A trend in Australia towards a more lenient and democratic child rearing style is reflected in a pilot study published in Swinburne?s latest E-Journal of Applied Psychology (E-JAP).
In a comparison of 31 Greek-Australians and 34 Anglo-Australians about their own parenting style and that of their parents, the study found that both groups tend towards a less authoritarian parenting style than that of the previous generation.
The study was completed by Sophia Zervides as part of her honours degree in Psychology at Swinburne. Of Greek heritage herself, Ms Zervides said she was looking at whether there were changes over time in parenting styles between the two groups
She found that first generation Greek-Australian parents were more authoritarian than their Anglo-Australian counterparts. However, with second generation Greek- Australians and their Anglo-Australian peers there were essentially no differences.
?I found that the variations were not culturally based, but more indicative of societal changes,? said Ms Zervides. ?The study reflects the fundamental changes in views about parenting in our society, but rather than being culturally based, there seems to be a general trend towards a more lenient and democratic style of parenting in Australia.?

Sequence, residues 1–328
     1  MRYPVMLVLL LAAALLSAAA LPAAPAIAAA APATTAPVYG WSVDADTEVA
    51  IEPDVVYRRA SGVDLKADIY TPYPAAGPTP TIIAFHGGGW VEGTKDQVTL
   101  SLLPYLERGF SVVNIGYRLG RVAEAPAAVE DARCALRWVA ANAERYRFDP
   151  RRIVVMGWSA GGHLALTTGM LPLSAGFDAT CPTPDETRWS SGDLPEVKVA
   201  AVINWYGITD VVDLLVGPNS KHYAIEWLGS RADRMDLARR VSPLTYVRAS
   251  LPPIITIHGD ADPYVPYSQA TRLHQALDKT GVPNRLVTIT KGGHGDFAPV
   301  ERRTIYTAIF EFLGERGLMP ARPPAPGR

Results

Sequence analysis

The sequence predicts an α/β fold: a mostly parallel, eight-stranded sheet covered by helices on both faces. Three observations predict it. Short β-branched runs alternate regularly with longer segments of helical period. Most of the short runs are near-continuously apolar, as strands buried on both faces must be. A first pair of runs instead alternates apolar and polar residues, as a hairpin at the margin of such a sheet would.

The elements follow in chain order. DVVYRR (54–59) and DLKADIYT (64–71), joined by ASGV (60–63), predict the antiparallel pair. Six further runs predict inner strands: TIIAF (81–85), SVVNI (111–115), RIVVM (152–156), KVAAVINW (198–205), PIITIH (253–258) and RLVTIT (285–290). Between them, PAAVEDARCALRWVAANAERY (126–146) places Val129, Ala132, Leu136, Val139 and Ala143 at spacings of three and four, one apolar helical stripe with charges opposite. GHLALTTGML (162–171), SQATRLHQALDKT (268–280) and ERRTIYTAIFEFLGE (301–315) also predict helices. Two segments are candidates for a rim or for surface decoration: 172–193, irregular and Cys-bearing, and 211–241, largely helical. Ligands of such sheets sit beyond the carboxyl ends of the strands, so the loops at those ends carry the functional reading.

For the terms of the study the Greek-Australians were deemed to have come from a traditional collectivist culture, while the Anglo Australians were deemed to have come from a western individualistic culture. Three different styles of parenting were identified:
? Authoritative parents who control their children?s behaviour in an age-appropriate manner and create a warm and affectionate environment where children are encouraged to express their point of view and participate in family decision making.
? Authoritarian parents who exercise firm control over their children, expecting conformity and obedience and allow less room for personal autonomy and independence.
? Permissive parents who exercise minimal control over their children and fail to define appropriate limits and standards of acceptable behaviour.